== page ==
A MUM-OF-TWO whose guide dog has been the victim of four separate attacks in the space of just 18 months has likened each traumatic ordeal to being trapped in a horror film.
Emma Free was speaking about her horrific experiences involving out of control dogs attacking her guide dog as part of National Guide Dogs Week when she will be helping to promote the new Take the Lead campaign at a busy Ipswich shopping centre.
The 37-year-old, who has severe sight loss due to a degenerative disorder known as retinitis pigmentosa, will be with fellow members of the East and Mid-Suffolk branch of the Guide Dogs for the Blind at Sailmakers Shopping Centre this Thursday and Friday.
The key message of the charity’s Take the Lead campaign is for pet owners to be responsible by putting their dogs on a lead when they see a guide dog, which is of particularly relevance in Ipswich due to it seeing the highest number of attacks in the UK.
Emma, who lives in Ipswich and has two sons aged 13 and 11, says her guide dog Ivy has been on the receiving end of four attacks between March 2017 and as recent as August this year while she was walking to and from town.
Each time the Labrador Cross Golden Retriever has had to receive treatment at the vets for bruising, soreness and ripped fur to areas including her legs, back and neck.
Thankfully Ivy, who has been by Emma’s side for the past two years, has avoided serious injury and not had to withdraw from service.
Emma, whose condition affects around 1 in 4,000 people, said: “I’ve experienced attacks with both my retired dog Jazz and my current dog Ivy due to pet dog owners being irresponsible and not having control of them.
“It’s a horrible, traumatic situation because you don’t know what’s going on or what damage an aggressive dog has done.
“You’re relying on members of the public to step in and let you know if there is blood or an injury.
“When it’s happening you feel like you’re stuck in a horror movie. You’re spun around for what feels like an eternity.
“I’m very, very lucky to still have Ivy in full blown working mode. She loves playing with dogs in her free time and has that air of confidence about her. She’s very resilient.
“But she does sometimes stop and wait for a dog to go past now and I can sometimes sense her relief.
“At one time I could pass dogs with Ivy and she wouldn’t react so I didn’t even know they were there unless they were being vocal.”
Mike Sorhaindo, Manager is Sailmakers Shopping Centre, said: “We’re delighted to have the East and Mid-Suffolk branch of the Guide Dogs for the Blind with us again this year.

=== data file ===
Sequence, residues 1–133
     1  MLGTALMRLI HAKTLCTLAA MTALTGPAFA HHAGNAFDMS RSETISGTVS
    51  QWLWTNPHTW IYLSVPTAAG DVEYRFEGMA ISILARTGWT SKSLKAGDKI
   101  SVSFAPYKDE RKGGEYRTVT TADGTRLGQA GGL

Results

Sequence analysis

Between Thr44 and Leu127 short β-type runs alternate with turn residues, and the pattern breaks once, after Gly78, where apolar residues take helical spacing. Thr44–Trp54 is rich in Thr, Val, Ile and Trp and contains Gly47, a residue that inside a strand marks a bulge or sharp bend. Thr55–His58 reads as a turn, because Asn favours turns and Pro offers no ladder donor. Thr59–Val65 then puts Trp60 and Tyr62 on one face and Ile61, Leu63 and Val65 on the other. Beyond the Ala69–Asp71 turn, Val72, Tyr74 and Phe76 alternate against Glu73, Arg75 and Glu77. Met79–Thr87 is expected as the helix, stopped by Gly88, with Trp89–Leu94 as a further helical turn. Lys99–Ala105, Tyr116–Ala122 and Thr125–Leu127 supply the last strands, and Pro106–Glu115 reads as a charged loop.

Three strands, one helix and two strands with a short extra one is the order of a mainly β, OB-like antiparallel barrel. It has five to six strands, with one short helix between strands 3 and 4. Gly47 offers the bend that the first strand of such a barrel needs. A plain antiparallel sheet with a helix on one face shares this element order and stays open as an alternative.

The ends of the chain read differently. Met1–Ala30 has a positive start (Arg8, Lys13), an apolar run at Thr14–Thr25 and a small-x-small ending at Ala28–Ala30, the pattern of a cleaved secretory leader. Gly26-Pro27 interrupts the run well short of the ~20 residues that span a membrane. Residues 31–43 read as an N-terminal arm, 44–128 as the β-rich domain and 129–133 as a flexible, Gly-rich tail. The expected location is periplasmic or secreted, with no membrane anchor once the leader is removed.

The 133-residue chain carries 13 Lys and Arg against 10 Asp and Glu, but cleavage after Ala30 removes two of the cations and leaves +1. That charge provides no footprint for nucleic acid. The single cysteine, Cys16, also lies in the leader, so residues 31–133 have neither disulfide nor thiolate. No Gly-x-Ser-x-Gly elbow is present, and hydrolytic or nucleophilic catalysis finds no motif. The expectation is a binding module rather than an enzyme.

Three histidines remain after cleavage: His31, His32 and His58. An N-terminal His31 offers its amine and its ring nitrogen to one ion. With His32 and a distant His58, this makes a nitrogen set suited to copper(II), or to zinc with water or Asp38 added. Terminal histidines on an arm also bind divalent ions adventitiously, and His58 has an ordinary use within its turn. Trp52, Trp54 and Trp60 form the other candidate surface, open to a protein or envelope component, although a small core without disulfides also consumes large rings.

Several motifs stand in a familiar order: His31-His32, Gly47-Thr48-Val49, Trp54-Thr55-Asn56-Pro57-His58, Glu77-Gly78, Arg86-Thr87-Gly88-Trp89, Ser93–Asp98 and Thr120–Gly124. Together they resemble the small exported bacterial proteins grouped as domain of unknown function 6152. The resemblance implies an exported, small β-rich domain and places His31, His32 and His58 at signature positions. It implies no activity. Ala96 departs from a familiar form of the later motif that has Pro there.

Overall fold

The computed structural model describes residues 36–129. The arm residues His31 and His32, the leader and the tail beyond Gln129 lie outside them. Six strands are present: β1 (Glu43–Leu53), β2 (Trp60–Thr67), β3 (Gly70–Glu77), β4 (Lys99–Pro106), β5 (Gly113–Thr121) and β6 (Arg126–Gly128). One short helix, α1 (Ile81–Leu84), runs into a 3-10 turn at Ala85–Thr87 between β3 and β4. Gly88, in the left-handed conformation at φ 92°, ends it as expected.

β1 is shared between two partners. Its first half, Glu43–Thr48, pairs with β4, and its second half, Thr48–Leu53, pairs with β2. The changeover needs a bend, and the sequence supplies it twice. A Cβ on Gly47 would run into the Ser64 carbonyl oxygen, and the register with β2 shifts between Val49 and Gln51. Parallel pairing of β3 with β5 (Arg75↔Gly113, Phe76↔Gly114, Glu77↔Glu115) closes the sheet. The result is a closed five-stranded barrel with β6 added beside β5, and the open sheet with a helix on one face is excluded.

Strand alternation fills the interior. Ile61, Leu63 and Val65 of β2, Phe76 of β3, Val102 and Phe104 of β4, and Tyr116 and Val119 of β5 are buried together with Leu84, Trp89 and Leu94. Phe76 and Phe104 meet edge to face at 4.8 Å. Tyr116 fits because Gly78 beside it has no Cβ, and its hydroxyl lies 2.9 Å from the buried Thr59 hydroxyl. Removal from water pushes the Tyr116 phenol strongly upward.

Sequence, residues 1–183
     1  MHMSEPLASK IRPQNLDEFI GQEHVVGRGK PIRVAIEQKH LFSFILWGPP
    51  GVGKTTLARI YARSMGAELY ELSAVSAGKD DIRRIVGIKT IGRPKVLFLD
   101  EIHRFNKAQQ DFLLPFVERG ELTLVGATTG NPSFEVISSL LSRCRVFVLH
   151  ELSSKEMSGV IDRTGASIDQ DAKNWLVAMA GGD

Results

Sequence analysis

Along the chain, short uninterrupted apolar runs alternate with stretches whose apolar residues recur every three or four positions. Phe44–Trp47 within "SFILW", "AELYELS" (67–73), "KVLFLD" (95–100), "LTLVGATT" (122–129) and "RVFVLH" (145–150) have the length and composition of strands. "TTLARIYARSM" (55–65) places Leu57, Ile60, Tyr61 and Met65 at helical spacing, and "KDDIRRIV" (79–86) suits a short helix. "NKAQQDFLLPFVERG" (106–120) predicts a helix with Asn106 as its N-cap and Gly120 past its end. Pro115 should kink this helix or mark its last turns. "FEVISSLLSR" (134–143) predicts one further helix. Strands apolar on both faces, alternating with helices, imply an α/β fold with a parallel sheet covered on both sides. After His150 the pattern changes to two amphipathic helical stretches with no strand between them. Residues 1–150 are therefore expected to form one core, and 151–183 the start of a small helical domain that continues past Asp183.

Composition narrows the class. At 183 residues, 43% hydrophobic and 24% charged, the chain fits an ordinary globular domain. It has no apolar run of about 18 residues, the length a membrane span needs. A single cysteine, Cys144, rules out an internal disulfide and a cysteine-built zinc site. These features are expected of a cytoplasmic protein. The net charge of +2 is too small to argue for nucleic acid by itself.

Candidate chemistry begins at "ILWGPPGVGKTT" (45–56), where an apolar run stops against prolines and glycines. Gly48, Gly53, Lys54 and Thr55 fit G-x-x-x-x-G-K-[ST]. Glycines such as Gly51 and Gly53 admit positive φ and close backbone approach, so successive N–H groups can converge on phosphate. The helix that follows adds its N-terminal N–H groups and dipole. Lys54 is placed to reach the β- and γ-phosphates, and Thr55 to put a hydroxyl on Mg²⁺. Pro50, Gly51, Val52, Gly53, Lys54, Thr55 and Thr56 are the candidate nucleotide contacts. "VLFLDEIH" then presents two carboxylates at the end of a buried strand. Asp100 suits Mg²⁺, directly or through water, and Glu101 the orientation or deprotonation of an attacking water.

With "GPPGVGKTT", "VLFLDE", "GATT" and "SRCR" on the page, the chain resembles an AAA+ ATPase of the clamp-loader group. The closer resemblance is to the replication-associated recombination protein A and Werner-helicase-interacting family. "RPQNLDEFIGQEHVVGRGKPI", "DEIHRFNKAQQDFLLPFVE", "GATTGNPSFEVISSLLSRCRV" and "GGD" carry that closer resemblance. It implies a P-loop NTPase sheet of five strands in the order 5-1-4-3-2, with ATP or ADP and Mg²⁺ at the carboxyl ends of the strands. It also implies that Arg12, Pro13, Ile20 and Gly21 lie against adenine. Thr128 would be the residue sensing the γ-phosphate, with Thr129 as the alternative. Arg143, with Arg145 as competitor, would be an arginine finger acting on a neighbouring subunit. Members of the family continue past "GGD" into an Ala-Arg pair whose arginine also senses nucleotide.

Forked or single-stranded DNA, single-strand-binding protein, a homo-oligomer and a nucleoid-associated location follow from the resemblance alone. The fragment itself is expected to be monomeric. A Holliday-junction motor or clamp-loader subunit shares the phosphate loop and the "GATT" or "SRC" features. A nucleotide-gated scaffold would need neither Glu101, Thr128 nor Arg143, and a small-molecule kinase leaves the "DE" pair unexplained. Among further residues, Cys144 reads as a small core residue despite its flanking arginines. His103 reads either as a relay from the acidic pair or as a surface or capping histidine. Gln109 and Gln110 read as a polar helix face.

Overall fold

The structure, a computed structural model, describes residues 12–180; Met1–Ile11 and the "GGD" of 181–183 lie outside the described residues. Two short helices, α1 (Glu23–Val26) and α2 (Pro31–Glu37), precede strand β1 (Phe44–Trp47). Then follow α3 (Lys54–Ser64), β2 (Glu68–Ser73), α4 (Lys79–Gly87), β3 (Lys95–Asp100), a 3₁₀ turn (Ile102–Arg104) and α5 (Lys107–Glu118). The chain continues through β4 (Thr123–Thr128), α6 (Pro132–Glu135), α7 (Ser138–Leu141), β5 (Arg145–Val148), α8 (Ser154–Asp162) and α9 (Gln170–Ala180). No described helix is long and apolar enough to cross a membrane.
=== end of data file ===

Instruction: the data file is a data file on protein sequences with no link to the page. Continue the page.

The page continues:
“Hopefully the team can raise lots of money for what is a brilliant charity and one we are always keen to support ourselves here at Sailmakers.
“This year they are promoting a very important new campaign and we urge shoppers to get behind it and spread the message to ‘Take the Lead’.”
Emma, who got her first guide dog Jazz in 2011 and has since kept her as a pet, will also be at Sailmakers helping to fundraise for a charity which has helped give her a new lease of life.
She explained: “I’ve never had good, useful vision and the disease is not treatable hence my decision to get a guide dog.
“I was originally a long cane user but I was never confident using it and relied heavily on family and friends.
“Having a guide dog gave me a whole new lease of life. My husband could remain in full time work and I could be the mum I wanted to be.
“It’s given me independence and the positive impact isn’t just on myself but also family and friends.”
Sailmakers, which is a popular spot for guide dog training, has played host to the East and Mid-Suffolk branch fundraising team – led by organiser Penny Parker – for the last few years.
The shopping centre also has a permanent Guide Dog resident in the form of a Labrador statue collection affectionately known as ‘Big Fred’.
Penny said: “We love fundraising at Sailmakers. The staff are brilliant and we feel safe.
“It’s vital that we have fundraising events like this and to try and attract more volunteers because the lifetime cost of a guide dog is £58,000.”
Penny is also keen to use the two days as an opportunity to spread awareness of the new Take the Lead campaign.
She said: “This year we’ve had 13 attacks in Ipswich alone. The average number for the UK is 4% and ours is at 45%.
“We’re not a big town. We believe a couple of attacks may have involved the same dog but it’s hard to pinpoint why it’s so high here.
“We will be promoting the campaign for responsible dog ownership and also appealing to people to be our eyes.
“The victims are blind so can’t give a description of the dog or owner. Speak to a visually impaired person, get evidence on your phone and be prepared to talk to police.
“People don’t understand what consequences an attack can have. The dog is working and even if there is no physical injuries the emotional injuries can be enough to make it no longer work.
“If a guide dog owner has a job they can’t get to work or take their kids to school – things people take for granted.”